LONDON (AP) — He was the mayor who basked in the glory of hosting the 2012 London Olympics, and the man who led the Conservatives to a thumping election victory on the back of his promise to “get Brexit done.” But Boris Johnson’s time as prime minister was marred by his handling of the coronavirus […]
From Brexit to Partygate, a timeline of Johnson’s career
LONDON (AP) — He was the mayor who basked in the glory of hosting the 2012 London Olympics, and the man who led the Conservatives to a thumping election victory on the back of his promise to “get Brexit done.”
But Boris Johnson’s time as prime minister was marred by his handling of the coronavirus pandemic and a steady stream of ethics allegations, from alcohol-fueled government parties that broke lockdown rules to how he handled a sexual misconduct scandal involving a senior party lawmaker.
Here is a timeline of events relating to Johnson’s political career:
2001-2008: Serves as a member of Parliament in the House of Commons representing the constituency of Henley.
2008-2016: Serves as London mayor, overseeing 2012 London Olympics.
2016: Co-leader of the campaign to take Britain out of the European Union, in opposition to then-Prime Minister David Cameron, a fellow Conservative. Cameron resigns after voters approve Brexit in a national referendum on June 23, 2016.
2016-2018: Serves as Foreign Secretary under Cameron’s successor, Prime Minister Theresa May. Johnson resigns in July 2018 in opposition to May’s strategy for a “soft” Brexit that would maintain close ties with the EU.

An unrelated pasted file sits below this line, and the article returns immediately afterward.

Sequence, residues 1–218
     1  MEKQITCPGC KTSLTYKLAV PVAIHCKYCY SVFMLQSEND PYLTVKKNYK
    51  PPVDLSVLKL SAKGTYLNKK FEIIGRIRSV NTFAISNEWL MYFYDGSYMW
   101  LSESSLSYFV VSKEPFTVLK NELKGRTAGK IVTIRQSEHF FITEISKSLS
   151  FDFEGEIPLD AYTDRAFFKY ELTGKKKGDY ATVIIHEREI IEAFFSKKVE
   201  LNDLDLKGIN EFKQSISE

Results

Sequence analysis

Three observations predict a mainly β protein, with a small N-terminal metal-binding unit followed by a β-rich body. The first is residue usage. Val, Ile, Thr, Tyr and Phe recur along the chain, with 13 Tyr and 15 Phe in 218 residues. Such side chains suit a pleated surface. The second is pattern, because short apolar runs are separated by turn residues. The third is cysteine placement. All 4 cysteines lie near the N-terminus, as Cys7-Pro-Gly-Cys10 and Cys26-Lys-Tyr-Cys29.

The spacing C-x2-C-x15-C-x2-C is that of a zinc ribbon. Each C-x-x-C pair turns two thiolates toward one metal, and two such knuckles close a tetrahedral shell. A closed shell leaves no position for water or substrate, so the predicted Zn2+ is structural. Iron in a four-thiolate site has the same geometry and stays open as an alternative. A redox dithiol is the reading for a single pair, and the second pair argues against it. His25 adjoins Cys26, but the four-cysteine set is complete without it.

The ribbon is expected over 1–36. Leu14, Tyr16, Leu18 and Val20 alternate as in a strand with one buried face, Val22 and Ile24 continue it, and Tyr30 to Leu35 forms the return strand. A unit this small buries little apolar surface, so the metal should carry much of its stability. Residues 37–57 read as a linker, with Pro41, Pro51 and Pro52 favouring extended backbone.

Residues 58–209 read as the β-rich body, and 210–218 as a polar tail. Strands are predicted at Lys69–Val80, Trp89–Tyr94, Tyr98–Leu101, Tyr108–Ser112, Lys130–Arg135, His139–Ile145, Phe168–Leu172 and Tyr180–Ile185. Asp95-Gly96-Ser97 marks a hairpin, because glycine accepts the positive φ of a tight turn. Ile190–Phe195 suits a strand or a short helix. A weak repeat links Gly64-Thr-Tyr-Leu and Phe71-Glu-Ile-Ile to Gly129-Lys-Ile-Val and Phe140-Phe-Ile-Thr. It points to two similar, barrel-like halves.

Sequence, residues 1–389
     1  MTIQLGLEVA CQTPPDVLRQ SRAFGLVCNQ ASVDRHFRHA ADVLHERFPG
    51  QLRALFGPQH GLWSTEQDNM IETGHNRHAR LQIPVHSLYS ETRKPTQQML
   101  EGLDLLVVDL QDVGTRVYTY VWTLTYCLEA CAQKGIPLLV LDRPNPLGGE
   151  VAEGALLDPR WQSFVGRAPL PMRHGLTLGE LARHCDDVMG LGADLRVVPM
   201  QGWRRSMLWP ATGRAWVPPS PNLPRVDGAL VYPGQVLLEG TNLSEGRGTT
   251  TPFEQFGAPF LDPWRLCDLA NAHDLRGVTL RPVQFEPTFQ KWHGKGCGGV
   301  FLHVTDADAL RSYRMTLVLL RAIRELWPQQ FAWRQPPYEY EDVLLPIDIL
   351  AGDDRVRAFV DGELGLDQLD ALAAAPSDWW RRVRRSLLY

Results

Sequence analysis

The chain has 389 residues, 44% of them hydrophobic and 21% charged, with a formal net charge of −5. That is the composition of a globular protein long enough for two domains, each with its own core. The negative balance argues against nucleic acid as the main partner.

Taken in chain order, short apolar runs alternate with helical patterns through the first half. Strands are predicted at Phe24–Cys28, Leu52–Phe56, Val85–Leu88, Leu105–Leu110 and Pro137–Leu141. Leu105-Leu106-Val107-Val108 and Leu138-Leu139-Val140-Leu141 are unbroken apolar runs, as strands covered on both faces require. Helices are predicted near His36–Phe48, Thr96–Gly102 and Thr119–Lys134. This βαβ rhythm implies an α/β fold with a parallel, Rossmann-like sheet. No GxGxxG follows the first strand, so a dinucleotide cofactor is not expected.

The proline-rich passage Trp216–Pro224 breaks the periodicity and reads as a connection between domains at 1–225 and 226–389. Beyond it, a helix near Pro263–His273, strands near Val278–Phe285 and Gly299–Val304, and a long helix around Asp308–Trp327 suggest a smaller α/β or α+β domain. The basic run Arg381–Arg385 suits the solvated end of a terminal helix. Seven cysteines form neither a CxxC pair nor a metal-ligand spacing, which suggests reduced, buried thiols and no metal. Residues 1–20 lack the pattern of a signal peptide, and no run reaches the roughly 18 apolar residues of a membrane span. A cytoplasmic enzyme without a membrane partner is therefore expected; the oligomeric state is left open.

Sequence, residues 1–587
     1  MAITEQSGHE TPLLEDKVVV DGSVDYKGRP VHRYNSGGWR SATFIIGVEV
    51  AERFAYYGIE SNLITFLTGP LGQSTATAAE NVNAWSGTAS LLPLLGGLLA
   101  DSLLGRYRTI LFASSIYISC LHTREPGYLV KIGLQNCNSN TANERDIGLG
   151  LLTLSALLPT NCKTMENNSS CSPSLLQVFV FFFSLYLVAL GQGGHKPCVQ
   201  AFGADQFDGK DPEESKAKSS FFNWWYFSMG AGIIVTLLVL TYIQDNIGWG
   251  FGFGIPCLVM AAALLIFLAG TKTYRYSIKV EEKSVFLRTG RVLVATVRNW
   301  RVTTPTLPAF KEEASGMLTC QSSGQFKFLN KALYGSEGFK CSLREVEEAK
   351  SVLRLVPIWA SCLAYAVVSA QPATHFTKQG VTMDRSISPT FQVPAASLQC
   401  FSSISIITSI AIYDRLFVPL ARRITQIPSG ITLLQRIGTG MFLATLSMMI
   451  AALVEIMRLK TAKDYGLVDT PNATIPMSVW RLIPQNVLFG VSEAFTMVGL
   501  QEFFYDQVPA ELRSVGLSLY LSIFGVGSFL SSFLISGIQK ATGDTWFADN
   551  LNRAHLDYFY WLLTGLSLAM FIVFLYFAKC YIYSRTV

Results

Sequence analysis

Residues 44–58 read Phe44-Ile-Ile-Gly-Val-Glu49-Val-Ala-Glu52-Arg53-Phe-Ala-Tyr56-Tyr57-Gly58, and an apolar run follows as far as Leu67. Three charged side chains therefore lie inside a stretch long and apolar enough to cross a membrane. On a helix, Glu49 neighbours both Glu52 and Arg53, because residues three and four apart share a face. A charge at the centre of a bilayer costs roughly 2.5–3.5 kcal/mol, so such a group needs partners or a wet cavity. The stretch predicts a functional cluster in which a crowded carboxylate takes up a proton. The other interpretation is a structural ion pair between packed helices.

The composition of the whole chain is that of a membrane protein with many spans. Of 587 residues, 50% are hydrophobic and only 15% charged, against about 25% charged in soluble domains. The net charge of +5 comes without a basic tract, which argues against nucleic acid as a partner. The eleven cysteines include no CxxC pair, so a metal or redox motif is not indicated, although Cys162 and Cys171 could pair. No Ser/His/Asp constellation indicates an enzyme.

June 7, 2019: Theresa May resigns as Conservative Party leader over her failure to persuade Parliament to back the Brexit agreement she negotiated with the EU. The party is split between those who back May and hard-liners, led by Johnson, who are willing to risk a no-deal Brexit in order to wring concessions from the EU.
July 23, 2019: Johnson is elected Conservative Party leader in a vote by party members. He takes office as prime minister the next day, inheriting a minority government that relies on votes from Northern Ireland’s Democratic Unionist Party to pass legislation. Johnson insists Britain will leave the EU on Oct. 31, with or without a deal.
Aug. 28, 2019: Johnson announces he will shut down Parliament until mid-October, giving opponents less time to thwart a no-deal Brexit.
Sept. 3, 2019: Twenty-one rebel Conservative Party lawmakers support legislation requiring the government to seek an extension of Brexit negotiations if it can’t negotiate an agreement with the EU. The measure passes and the rebels are expelled from the party.
Sept. 5, 2019: Johnson asserts he would rather be “dead in a ditch” than ask the EU for another extension.
Sept. 24, 2019: U.K. Supreme Court rules government’s suspension of Parliament was unlawful.
Oct. 19, 2019: Johnson asks the EU to delay Brexit again. New deadline set for Jan. 31.
Nov. 6, 2019: Parliament is dissolved and early elections are set for mid-December as Johnson seeks a mandate for his Brexit strategy.
Dec. 12, 2019: Johnson wins an 80-seat majority in the general election, giving him the backing to push through Brexit legislation. The victory makes Johnson the most electorally successful Conservative leader since Margaret Thatcher.
Jan. 23, 2020: The Brexit deal becomes law after approval by U.K. Parliament. European Parliament approves the deal six days later.
March 23, 2020: Johnson places U.K. in first lockdown due to COVID-19.
April 5, 2020: Johnson hospitalized and later moved to intensive care with COVID-19. He is released from the hospital on April 12, thanking the nurses who sat with him through the night to make sure he kept breathing.